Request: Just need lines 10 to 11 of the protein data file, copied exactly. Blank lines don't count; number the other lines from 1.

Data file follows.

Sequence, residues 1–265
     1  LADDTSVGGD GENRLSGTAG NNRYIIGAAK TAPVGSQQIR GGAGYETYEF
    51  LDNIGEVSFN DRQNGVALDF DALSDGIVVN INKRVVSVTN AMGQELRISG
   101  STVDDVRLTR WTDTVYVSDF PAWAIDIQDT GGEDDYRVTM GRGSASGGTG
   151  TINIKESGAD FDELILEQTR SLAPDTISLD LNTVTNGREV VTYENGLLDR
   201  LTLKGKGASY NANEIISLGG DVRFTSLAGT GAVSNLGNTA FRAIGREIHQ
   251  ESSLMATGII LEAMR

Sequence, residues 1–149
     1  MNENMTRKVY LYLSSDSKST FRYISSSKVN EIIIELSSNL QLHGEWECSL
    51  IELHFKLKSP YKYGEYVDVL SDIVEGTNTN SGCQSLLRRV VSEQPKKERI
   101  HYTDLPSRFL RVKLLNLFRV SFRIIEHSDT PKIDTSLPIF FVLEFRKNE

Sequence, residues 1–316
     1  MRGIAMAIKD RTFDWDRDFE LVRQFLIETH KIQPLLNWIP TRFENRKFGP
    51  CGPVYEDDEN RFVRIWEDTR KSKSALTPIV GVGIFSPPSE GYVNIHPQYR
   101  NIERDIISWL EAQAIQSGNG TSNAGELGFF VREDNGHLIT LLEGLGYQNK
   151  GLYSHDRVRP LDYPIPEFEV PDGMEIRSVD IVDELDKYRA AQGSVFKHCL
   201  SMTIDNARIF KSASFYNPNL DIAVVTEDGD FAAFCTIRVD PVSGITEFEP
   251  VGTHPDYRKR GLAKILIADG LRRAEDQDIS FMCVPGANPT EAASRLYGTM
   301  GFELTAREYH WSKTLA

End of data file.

    51  IELHFKLKSP YKYGEYVDVL SDIVEGTNTN SGCQSLLRRV VSEQPKKERI
   101  HYTDLPSRFL RVKLLNLFRV SFRIIEHSDT PKIDTSLPIF FVLEFRKNE